Robert Champoud: Let me first say that Euro-Far East is a small company and we are just doing our best to fulfill our commitments toward our clients from Japan and Europe. So far, we were always able to meet the expectations of all of our clients and their customers with very few exceptions. We are acting totally on behalf of our clients. In the first phase, we will investigate and evaluate the market in order to check out its potential and to eventually define the right business entry. The second phase can be quite different from a client to another one.

Euro-Far East client Asyril at the International Robot Exhibition 2017 (click to enlarge)

Euro-Far East client Asyril at the International Robot Exhibition 2017 (click to enlarge)

Can you give us some examples?  

Robert Champoud: For a German software supplier active in the automation market, we focused on a few key accounts and we were, for nearly 15 years, their remote business partner taking care of these key accounts located in Japan but also in Korea and China. For another German supplier of hardware and software, we hired a salesman dedicated to this client. A few years later when the turnover permitted it, we created a fully owned Japanese subsidiary. The salesman became the director of this subsidiary. Today, 12 years after the establishment of this subsidiary, they are a team of six and still managed by the same person.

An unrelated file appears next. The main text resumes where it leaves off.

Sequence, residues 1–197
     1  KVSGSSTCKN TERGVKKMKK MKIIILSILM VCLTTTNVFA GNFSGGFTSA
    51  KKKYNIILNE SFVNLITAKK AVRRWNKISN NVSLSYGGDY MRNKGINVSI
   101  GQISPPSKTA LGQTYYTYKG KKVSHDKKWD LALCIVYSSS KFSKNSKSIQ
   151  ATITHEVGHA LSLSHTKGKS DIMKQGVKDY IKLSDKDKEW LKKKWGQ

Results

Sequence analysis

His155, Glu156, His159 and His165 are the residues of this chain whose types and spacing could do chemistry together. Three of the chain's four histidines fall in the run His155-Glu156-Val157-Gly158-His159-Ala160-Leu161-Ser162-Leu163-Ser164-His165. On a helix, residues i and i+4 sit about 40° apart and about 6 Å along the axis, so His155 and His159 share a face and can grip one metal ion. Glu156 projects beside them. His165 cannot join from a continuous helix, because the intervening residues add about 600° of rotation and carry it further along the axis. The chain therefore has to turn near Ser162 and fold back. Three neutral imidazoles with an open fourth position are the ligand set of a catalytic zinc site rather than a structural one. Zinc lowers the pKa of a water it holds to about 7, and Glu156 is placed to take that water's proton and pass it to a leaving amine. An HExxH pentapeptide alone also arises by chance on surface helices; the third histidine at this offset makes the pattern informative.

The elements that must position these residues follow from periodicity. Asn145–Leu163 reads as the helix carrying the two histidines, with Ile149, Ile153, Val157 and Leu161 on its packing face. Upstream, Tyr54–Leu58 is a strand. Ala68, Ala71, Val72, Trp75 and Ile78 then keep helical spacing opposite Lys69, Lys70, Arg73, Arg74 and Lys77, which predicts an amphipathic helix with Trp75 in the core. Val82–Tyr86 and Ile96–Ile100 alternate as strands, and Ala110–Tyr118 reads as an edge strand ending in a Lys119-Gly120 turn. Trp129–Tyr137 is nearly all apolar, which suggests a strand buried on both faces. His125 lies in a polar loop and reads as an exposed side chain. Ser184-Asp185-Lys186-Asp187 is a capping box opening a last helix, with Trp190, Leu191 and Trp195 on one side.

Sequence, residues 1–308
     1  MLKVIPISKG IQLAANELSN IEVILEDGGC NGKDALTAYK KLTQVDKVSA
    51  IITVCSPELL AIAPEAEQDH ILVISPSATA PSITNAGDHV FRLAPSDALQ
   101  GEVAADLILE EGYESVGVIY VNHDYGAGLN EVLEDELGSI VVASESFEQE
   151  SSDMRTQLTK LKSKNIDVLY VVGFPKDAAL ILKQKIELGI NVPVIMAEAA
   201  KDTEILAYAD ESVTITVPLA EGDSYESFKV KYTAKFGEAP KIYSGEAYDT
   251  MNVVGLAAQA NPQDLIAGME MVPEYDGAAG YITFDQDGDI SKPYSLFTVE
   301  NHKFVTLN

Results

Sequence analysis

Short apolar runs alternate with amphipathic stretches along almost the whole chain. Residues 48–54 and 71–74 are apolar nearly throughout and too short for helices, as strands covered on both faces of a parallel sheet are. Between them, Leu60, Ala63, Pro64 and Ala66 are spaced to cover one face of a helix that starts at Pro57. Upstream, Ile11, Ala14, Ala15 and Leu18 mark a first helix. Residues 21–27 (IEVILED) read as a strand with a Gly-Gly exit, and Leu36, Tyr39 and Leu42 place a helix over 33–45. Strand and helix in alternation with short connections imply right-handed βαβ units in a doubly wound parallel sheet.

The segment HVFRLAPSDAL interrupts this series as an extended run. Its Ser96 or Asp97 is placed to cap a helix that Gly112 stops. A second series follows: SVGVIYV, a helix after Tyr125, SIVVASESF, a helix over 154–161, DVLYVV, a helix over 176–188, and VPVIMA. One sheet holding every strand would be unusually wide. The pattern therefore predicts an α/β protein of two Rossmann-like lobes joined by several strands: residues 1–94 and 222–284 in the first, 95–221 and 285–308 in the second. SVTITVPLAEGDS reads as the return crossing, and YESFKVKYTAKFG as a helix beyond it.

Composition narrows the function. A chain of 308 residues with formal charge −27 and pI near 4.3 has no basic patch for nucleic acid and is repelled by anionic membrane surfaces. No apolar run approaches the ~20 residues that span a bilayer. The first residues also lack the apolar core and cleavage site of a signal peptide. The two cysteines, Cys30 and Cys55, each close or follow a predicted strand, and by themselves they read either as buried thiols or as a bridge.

What brought you to Japan in the first place and why did you decide to set up your own company in Yokohama?  

Robert Champoud: Judo brought me here in Japan a very long time ago. After returning to Switzerland and getting engaged with a charming Japanese woman, we decided to give it a try and work a few years in Japan and this is how all started again a little more than 25 years ago! At that time, Tokyo was the right place to be and I found a well-located office in Nogizaka where I stayed up to last year. However, the commuting time started to wear me out. Then I moved to Shin-Yokohama where I now commute by bicycle along a quiet river.